Switching to a Bayesian workflow can be frustrating initially, when the sampling speed becomes limiting and you have no idea why. Like it happened to me when I tried to fit a Dirichlet process mixture model using PyMC3. Any attempt at working around the difficulties I ran into got blocked by the speed of NUTS sampler.

It turns out that variational inference (VI) can help in these stages. However, it seems to have its own peculiarities and even some pitfalls. Not having learned about VI during my master’s, I set out to read about it.

VI is a method for approximating probability densities. In the context of Bayesian modeling, we can use it to approximate the posterior. As such, we can consider it an alternative to markov chain monte carlo (MCMC) algorithms. There is one important advantage of VI: it’s very fast compared to MCMC. And there is an important disadvantage: you don’t get to be sure that the approximation will give you what you’re looking for, unlike with MCMC.

Let’s start with remembering what we’re looking for in Bayesian inference problem: the posterior, or the density of model parameters conditional on the data. Mathematically speaking:

\[p(z | x)\]

Commonly used modern methods for getting to the posterior are based on sampling, a.k.a markov chain monte carlo algorithms. VI, on the other hand, approaches the problem from an optimisation point of view, by making use of a clever trick. Before we get to the trick, let’s specify the objective of the optimisation: Kullbeck-Leibler (KL) divergence .

The Kullbeck-Leibler divergence is a measure if the “difference in information contained within two distributions” 1. In the VI context, specifically, the KL divergence from the posterior to the approximating density is relevant: \(KL( q(\mathbf{z}) \| p(\mathbf{z} \vert \mathbf{x} ) )\)

Buried in this divergence is a term that’s very difficult to evaluate: \(p(\boldsymbol{x})\). The trick is to optimise for another objective which is (1) easier to evaluate and (2) is equivalent to minimising the KL divergence: Evidence lower bound (ELBO).

\[ELBO(q) = \mathbb{E}[logp(\mathbf{z}, \mathbf{x})] - \mathbb{E}[logq(\mathbf{z})]\]

Blei et al. (2018) note that “the variational objective mirrors the usual balance between likelihood and prior” 2 and this is visible once the identity is rearranged:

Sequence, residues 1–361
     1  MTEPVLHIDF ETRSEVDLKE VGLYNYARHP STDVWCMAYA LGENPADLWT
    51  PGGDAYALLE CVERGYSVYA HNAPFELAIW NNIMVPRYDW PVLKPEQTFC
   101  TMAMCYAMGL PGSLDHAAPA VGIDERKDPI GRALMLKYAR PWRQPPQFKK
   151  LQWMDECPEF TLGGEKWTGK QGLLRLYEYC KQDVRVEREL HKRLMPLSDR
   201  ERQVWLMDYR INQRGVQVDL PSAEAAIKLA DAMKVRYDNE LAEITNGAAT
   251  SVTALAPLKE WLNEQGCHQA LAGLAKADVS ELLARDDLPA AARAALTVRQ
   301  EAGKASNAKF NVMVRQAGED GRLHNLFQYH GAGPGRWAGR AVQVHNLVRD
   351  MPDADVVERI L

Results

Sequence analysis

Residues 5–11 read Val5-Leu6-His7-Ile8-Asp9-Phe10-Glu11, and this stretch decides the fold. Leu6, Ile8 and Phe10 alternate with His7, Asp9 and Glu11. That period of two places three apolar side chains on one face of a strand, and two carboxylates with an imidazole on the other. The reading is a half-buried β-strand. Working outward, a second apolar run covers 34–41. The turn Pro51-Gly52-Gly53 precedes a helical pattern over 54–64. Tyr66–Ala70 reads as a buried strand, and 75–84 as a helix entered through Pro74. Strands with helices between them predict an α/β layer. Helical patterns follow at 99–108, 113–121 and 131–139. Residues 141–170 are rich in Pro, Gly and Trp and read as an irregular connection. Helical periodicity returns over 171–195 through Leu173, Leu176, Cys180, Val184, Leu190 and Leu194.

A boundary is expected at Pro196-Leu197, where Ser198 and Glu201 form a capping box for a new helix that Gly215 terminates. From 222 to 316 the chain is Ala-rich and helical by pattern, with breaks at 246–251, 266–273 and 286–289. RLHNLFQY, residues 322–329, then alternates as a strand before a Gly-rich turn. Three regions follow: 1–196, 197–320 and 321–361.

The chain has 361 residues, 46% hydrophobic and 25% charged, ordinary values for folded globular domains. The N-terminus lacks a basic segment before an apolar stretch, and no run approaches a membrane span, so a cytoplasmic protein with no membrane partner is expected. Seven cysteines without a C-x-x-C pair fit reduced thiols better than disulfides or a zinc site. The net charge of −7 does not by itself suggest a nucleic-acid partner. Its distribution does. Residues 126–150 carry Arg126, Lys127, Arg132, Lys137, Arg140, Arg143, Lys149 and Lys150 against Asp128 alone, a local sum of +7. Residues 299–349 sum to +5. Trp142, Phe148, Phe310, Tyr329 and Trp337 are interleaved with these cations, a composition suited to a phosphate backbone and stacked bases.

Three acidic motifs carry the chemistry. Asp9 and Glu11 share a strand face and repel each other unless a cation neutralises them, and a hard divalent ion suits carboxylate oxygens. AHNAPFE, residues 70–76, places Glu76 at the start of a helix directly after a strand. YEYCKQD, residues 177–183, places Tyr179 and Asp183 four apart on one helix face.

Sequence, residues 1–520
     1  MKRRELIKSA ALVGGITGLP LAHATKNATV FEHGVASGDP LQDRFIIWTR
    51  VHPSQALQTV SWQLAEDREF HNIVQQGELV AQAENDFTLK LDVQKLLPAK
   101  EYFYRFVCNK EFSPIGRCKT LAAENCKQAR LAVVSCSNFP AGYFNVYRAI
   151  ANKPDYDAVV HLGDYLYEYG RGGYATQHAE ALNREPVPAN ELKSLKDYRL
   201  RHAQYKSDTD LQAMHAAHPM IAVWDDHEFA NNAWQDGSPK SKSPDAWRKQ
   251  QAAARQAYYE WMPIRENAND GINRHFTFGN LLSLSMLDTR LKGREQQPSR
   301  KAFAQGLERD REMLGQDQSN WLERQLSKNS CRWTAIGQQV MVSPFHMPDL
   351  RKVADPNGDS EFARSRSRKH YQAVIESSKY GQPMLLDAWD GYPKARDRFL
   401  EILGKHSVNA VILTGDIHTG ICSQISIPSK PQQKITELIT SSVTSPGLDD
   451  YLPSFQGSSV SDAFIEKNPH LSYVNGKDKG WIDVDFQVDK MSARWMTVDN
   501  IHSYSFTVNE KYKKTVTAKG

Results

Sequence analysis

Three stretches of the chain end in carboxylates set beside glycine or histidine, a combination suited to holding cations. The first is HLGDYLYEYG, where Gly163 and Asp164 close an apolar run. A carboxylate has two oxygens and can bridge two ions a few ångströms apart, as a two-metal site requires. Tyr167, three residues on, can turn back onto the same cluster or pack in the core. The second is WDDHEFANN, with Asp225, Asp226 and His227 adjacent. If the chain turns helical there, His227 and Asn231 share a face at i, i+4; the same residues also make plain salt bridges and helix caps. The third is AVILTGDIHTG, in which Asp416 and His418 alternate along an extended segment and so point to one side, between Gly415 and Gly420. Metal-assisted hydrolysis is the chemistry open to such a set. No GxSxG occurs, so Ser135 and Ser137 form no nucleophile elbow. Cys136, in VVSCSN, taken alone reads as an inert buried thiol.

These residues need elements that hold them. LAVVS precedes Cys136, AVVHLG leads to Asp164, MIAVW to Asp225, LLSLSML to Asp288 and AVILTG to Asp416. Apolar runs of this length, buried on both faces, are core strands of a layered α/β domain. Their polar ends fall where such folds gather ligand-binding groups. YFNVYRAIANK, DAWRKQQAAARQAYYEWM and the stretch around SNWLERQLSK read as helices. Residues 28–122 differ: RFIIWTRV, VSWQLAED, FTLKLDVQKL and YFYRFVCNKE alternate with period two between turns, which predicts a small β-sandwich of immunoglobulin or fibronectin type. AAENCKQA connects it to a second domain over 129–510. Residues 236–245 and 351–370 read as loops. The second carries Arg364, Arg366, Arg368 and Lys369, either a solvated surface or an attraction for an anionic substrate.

\[ELBO(q) = \mathbb{E}[logp(\mathbf{x}|\mathbf{z})] + KL(q(\mathbf{z})||p(\mathbf{z}))\]

Great. But how do we specify \(q\)? A commonly used family of probability distributions is “mean-field variational family”. The mean-field variational family is essentially a joint distribution of independent random variables. So we have:

\[q(\boldsymbol{z}) = \prod_{j=1}^{m}q_j(z_j).\]

This makes one of the key properties of VI with mean-field family clear: we’re assuming that model parameters are mutually independent. If they are correlated, the approximation will not be able to capture that information.

Now, we need an optimisation algorithm and we’re ready to go. I’ll refer you to Blei et al. (2018) 2 for the details, where you can read about coordinate ascent mean-field variational inference.

Now let’s turn to what’s happening when we use the variational API of PyMC3. Here you can see that the default of the method= parameter is ADVI (automatic differentiation variational inference). ADVI is an algorithm that can express a given probabilistic model as an optimisation problem. The significant advantage of it is that we don’t have to think about technical requirements that we need to satisfy to make the approximation work. Any model we can write in PyMC3 (also Stan) can be run through ADVI.

Equipped with the magic provided by PyMC3 and with a basic understanding of variational inference. It’s time to see it in practice!

  1. https://ermongroup.github.io/cs228-notes/inference/variational/ 

  2. https://arxiv.org/abs/1601.00670  2